Defense Secretary Ash Carter has amplified his call for better security at military recruiting stations and other small, remote facilities, issuing a new directives aimed at preventing another attack like this summer's deadly shooting in Chattanooga, Tennessee.

Efforts will include more training alongside local law enforcement, accelerating use of extra "physical security enhancements," and improving mass notification alerts meant to inform local authorities and other nearby military personnel when there are specific threats or attacks already are unfolding.

Carter's orders are detailed in an October memo to the military's top uniformed and civilian leadership, including all of the service chiefs and heads of the military's joint combatant commands, and they underscore his desire to prioritize funding for facilities most vulnerable to attacks. The clock is ticking, too. Carter's memo stipulates that all changes must be implemented before April — with some benchmarks occurring before the new year begins.

The Chattanooga shooting left five service members dead — four Marines and a sailor — along with the gunman, Muhammad Youssef Abdulazeez. On July 16, the 24-year-old pumped dozens of rounds into a storefront recruiting station, wounding one Marine, before crashing the gate and opening fire on a thinly protected Navy reserve center across town, where all five of the fatalities occurred.

Carter immediately authorized select additional personnel to carry firearms at smaller facilities, and some state governors approved similar rules for more National Guard personnel. But the Pentagon has strenuously resisted calls from members of Congress and others to arm recruiters, saying it could alienate prospective recruits and their families.

Moreover, some commanders have been reluctant to allow more of their troops to carry firearms while on duty, wary, they say, of how much training would be required to ensure such a move doesn't backfire and create unintended safety concerns that don't exist now. Senior military officials also have said allowing all troops to carry guns would be cost prohibitive from a training standpoint.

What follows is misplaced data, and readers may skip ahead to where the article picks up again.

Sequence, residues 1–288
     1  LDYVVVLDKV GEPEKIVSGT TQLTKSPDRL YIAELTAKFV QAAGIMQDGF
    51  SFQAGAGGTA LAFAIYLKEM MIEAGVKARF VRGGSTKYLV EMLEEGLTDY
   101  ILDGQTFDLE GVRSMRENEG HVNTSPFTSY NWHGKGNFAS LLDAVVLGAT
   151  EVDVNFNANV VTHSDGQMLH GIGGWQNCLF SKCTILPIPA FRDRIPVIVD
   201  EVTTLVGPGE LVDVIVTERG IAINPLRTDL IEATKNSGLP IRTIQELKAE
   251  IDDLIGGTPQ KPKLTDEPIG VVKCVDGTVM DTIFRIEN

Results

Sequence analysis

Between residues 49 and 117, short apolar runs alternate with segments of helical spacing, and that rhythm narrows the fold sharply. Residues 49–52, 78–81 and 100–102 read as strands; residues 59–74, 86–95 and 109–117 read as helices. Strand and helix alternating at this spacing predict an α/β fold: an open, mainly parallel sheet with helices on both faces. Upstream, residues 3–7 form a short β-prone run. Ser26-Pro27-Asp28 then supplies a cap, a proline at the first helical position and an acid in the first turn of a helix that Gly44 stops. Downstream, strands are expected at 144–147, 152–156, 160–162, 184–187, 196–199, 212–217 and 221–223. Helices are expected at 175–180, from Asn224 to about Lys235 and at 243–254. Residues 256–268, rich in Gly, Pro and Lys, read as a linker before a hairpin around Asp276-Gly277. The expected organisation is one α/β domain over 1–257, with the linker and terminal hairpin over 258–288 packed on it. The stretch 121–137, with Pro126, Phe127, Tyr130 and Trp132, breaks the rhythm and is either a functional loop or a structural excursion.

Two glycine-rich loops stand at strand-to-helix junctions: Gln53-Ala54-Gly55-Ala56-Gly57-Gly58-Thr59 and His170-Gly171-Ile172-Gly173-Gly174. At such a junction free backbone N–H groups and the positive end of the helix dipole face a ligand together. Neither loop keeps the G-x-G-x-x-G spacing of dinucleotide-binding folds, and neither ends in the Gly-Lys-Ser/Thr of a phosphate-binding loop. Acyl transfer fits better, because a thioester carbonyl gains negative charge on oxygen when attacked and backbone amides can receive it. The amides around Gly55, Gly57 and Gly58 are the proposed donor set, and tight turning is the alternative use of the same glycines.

Carter's memo makes clear that "appropriately qualified" personnel assigned to off-base facilities that "require further protection" should have authority to carry concealed firearms. This includes military security details, law enforcement, criminal investigators and counterintelligence personnel. Contracted security personnel who meet the Defense Department's qualifications also will be considered, the memo says.

Carter's memo does not elaborate on the use of extra physical security enhancements, but said each of the services and combatant commands should expedite implementation of any additional safety measures they consider an immediate need. The Marine Corps, for exampleinstance, has indicated it will add security cameras at recruiting centers, outfit doors with remote-locking mechanisms and provide offices with movable shields and desk partitions capable of stopping bullets.

"The measures that DoD components have taken thus far, along with those approved by this memorandum, will mitigate the risk we face," Carter said. "I ask commanders and leaders at all levels to work closely with their local communities to implement solutions."

Individual units have less than three months to work with local law enforcement and first responders to develop training, and personnel have been given until April to complete security surveys and prioritize funding for safety upgrades. All of the department's satellite facilities must have a mass warning system in place early next year as well, the memo says.

"To perform our mission," Carter said, "we must protect our people, installations, and facilities from threats."

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